Caramelized Custard Bread Pudding

"This rich bread pudding has a delicious caramelized topping. I prefer to use fresh bread instead of the usual dry, stale bread to make it moister."
photo by Garden Gate Kate photo by Garden Gate Kate
photo by Garden Gate Kate
photo by Garden Gate Kate photo by Garden Gate Kate
Ready In:
1hr 30mins




  • Cover raisins with water and orange juice. Soak while preparing other ingredients, or cover and refrigerate up to 24 hours.
  • In a saucepan, heat milk, half and half, and butter but do not allow to boil. Cool slightly.
  • Combine brown sugar, cinnamon, and nutmeg. Reserve 2 tablespoons of brown sugar mixture for sprinkling on top later.
  • In a separate saucepan, add the remaining brown sugar mixture, vanilla, and eggs. Whisk until smooth.
  • Pour heated milk mixture into sugar mixture. Add baking powder and whisk until smooth.
  • Place 1/2 of bread cubes in a 2-quart casserole dish.
  • Thoroughly drain raisins and discard soaking liquid. Spread 1/2 cup raisins over the bread.
  • Top with rest of bread cubes. Sprinkle remaining raisins on top.
  • Pour the milk mixture over the bread until the bread is saturated. Let stand for 5 minutes.
  • Sprinkle reserved 2 tablespoons of sugar mixture over top.
  • Place bread pudding dish in a larger pan. Carefully, add very hot water to larger pan to within 1/2 inch of tops of casserole dish. Bake at 350F degrees for 1 hour 10 minutes to 1 hour 20 minutes or until knife comes out clean when inserted 1 inch from rim.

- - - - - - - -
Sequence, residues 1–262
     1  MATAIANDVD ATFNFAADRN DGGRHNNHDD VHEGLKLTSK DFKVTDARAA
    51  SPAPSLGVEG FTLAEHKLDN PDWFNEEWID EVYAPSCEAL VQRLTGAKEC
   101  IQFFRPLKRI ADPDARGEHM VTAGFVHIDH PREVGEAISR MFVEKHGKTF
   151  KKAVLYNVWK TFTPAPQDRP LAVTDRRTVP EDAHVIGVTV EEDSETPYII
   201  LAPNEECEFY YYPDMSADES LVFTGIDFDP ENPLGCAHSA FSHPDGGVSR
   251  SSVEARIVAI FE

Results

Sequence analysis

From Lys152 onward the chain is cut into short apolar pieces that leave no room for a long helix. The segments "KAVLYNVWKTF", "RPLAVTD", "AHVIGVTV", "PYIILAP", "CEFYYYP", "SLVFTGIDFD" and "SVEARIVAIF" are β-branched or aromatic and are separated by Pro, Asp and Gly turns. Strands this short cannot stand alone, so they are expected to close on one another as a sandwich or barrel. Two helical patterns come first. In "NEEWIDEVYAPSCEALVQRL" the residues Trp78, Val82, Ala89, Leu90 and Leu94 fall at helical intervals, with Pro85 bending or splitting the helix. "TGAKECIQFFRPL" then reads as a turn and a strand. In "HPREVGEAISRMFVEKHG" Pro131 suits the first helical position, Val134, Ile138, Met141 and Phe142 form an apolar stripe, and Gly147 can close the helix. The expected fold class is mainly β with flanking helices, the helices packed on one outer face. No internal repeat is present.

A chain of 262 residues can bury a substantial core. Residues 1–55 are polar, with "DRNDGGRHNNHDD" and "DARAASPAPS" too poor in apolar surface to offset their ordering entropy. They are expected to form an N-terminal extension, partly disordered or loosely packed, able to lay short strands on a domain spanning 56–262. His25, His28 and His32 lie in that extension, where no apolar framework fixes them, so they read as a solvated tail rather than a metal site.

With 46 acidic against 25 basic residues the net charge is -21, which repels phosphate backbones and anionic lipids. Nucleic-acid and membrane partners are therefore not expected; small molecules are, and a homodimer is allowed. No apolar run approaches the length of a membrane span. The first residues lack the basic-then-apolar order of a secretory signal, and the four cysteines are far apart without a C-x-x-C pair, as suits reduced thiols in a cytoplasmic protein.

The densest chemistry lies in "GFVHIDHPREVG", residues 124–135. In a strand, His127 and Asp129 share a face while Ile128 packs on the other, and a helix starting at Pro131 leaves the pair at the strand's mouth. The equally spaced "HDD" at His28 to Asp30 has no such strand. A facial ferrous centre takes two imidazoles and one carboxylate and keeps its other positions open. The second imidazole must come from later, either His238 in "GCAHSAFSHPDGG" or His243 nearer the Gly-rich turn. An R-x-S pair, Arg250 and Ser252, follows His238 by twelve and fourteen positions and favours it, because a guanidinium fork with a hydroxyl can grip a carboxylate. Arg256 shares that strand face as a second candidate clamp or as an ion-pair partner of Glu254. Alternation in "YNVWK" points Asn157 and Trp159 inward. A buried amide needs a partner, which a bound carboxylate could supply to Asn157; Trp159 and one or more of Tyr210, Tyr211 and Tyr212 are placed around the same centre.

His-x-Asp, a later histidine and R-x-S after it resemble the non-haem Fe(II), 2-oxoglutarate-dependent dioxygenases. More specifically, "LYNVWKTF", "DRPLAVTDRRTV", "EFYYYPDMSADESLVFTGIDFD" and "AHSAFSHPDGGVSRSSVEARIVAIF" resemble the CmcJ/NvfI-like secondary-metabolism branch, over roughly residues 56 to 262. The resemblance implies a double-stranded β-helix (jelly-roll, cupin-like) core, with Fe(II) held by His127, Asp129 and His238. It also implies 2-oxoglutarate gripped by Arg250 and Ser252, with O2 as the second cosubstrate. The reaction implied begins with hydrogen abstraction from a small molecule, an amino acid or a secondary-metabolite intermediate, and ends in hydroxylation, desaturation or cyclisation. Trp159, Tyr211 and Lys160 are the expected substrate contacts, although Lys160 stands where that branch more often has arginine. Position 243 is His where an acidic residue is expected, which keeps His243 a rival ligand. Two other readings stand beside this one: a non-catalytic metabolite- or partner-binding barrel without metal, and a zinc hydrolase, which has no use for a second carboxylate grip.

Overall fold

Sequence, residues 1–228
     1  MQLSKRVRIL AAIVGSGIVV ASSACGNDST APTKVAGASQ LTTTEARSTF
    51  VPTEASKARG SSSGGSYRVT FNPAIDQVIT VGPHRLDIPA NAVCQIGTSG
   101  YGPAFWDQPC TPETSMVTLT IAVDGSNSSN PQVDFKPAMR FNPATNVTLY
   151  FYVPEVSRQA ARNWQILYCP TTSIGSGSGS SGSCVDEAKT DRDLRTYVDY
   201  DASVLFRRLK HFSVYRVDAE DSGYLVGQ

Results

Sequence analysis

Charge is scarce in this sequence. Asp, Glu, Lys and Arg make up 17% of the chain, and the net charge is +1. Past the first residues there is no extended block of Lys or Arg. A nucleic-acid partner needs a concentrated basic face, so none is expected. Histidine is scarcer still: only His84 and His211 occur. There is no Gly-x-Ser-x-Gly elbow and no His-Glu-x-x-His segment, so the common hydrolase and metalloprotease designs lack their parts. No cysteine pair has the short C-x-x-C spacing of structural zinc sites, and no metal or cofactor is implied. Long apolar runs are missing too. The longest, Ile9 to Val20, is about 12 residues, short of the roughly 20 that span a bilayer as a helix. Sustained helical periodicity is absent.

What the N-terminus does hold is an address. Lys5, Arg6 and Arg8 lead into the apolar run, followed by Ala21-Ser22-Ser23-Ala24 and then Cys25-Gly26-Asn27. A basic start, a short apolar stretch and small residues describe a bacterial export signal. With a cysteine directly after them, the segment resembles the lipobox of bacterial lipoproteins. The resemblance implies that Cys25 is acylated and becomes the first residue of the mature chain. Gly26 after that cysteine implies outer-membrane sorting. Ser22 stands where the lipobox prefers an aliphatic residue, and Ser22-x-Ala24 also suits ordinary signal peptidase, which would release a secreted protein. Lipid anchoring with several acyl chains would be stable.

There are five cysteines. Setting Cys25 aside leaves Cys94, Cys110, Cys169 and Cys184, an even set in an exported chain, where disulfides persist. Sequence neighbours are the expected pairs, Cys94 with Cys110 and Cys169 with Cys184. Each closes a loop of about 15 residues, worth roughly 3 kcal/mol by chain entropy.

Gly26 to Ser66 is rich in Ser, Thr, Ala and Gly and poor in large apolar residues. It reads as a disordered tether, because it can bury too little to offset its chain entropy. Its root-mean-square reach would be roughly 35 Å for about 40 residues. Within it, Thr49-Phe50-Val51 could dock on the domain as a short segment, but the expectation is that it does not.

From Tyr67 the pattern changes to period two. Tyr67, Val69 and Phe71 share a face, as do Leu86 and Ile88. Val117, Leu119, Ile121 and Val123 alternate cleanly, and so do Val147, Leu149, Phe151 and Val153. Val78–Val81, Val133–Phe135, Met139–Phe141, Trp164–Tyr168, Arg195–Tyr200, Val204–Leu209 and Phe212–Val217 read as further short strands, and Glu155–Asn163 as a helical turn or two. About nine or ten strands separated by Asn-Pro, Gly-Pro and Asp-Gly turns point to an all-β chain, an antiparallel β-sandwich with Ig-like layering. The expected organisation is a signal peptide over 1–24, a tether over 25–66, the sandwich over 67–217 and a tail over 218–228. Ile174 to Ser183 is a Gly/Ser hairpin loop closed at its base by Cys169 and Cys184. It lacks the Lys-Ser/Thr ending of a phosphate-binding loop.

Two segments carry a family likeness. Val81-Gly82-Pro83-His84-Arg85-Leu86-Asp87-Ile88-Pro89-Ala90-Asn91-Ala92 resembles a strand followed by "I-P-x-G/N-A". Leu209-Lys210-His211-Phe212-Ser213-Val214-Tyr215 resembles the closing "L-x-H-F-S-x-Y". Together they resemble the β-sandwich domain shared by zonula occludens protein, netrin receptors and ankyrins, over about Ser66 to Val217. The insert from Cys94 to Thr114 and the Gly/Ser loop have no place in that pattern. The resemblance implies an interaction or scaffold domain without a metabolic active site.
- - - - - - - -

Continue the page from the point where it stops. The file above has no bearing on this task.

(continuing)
• Serve warm or cold.

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  1. Absolutely delicious bread pudding. Only made one change and that was to use cranberry nut bread vs. the raisens. Came out perfectly -- crusty on the top and moist and delicious inside. Will definitely keep this recipe handy for future occasions. Made for Spring PAC, April, 2013.
  2. Yum, yum, yum! But then, I've never met a bread pudding I didn't like! Made for PAC Spring '12.


<p>My grandfather did not speak or read a word of English when he moved to America from China at eleven years old. With a lot of hard work, he proudly became an US citizen and began his own Cantonese restaurant in Kingston, NY, from the ground up. He is not a trained chef but has a natural gift for combining unexpected flavors and ingredients into the most delicious dishes. Although the food on the menu is the absolute best Chinese food in the country, the really out-of-this-world dishes are the ones that he serves his family in the back of the restaurant. He doesn't read cookbooks or write down any of his recipes; all his creations are original. Growing up, I spent every summer with him eating these foods. Every morning, we would pick fresh vegetables from his garden that he would use to make the noon and evening meals with. He stuffed garden zucchini the size of my arm (of course, my arm was smaller then) with fresh lobster and shrimp. This is just one example of a simple summertime lunch for him. Without a doubt, his cooking is the greatest influence on my tastes in foods and my own recipes.</p>
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